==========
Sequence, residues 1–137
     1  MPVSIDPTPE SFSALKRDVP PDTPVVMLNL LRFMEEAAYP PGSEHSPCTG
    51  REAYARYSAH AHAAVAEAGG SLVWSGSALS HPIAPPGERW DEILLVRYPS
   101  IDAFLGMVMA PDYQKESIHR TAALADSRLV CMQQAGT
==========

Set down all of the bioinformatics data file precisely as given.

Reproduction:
Sequence, residues 1–137
     1  MPVSIDPTPE SFSALKRDVP PDTPVVMLNL LRFMEEAAYP PGSEHSPCTG
    51  REAYARYSAH AHAAVAEAGG SLVWSGSALS HPIAPPGERW DEILLVRYPS
   101  IDAFLGMVMA PDYQKESIHR TAALADSRLV CMQQAGT